My 5 year old was playing on my laptop the other day. I noticed he had asked his brother to come sit with him at the computer to show him something. The office was full of giggles as they watched whatever it was on the computer. I figured it was something on Starfall.com. It wasn’t. It was old home movies I had on my computer. It was as if I was swished backwards in time, through the colorful vortex you see on those old Lucky Charms commercials. Or at least that’s how I am remembering it. Stars and rainbows and little sparkles of light and I was back in the foyer with my two sons, in their underwear and diapers, respectively. We had a little basketball hoop on the front door and were practicing our basketball skills altogether. I was asking my youngest who appeared to be 18 months to 2 years old, to do “Shaky Diaper”.
I was laughing hysterically and so very loudly in the camera while he swung this filled up ole pee diaper back and forth between his legs. It was the funniest freaking thing I’ve seen in a long time. My other son, apparently terribly jealous, was leaping in front of the camera, trying to get my attention. And I was doing a superb job of cheering his growing ability to dribble for one quarter of a second. It was all so fun and happy.
I don’t know when I got to a place that I thought I was just crazy tired mom all those years they were babies and toddlers. I truly remember less and less as time goes by. I felt like it was so stressful, and I had painted this version of myself to myself, that I was crazy mom. When do we do that to ourselves? I know it’s not just me because I’ve heard a lot of moms say that about being moms. “I wasn’t a very good mom,” or “I didn’t do a very good job with my kids.” When did we all decide that we always sucked as moms and dads?
And I didn’t know I had judged myself so fiercely until tears started falling down my face. I WAS a good mom. I was a great mom even. My kids were both smiling and laughing. We were together. We were doing silly things in our house, and they were little and half naked, the way childhood should be. Maybe I just found a way to judge myself because I’m not as forgiving with myself as I am with others. Why am I so mean to that younger, more tired version of myself? She was kind of awesome sometimes. She always tried her best. She made healthy food, played and never worried about messes. She laughed more than she yelled, and she noticed every single little movement or preference or need of her two small boys. And she still is an awesome mom. And she’s still me.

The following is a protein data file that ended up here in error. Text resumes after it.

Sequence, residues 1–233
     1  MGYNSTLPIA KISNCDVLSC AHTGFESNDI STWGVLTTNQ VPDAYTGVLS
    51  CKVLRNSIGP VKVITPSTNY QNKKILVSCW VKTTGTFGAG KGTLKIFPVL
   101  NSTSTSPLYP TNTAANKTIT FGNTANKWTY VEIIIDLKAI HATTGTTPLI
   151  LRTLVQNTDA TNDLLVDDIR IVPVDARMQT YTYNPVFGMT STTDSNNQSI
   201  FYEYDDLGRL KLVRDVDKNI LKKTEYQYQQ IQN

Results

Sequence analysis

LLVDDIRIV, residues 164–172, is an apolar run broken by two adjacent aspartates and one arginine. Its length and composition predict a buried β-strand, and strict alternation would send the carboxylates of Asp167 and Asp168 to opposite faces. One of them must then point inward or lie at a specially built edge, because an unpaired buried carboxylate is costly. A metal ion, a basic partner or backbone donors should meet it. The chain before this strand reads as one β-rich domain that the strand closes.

I realized I always tell other moms they are doing great—and I wouldn’t say it if I didn’t think it. I always tell other moms to enjoy and not worry about all that little stuff. And I forget not to judge me. I cried some more. I realized I was the mom who cared the most she possibly could. I was the mom that sweat and bled and hurt because she felt she had to be the best mom in the world. And she had forgotten to love herself, be proud of herself and see that she had done a kick-ass job a lot of the time. Sure, not everyone would have done it my way or loved my way or even condoned my way. But the video I saw was exactly the type of picture I wanted to see of my life with my kids. And because I never see videos of myself with my kids, I forget.
I had some crazy guilt that spilled across my office desk and over my computer keys as I watched the video again. I had created the kind of childhood I had wanted my kids to have. And I still do that. And what else can we do in life but create what we think we want, what we think our kids should have? Doesn’t mean it’s all right, but it means that I did create my dreams. And I can let go of something deep inside me that thinks I failed somewhere, somehow. I know it sounds silly, but I know it can’t just be me. I know other moms feel this way too.
So today, look at something you did right. Look at something you give others credit for and realize maybe you do it too, maybe you did create all or even some semblance of the dream you had for your children. Maybe you did a damn good job, and maybe you still are doing a great job. Maybe moms and dads are awesome, and just maybe we have many more awesome years ahead. To Moms, Guilt and Being Awesome. Sending all my love today!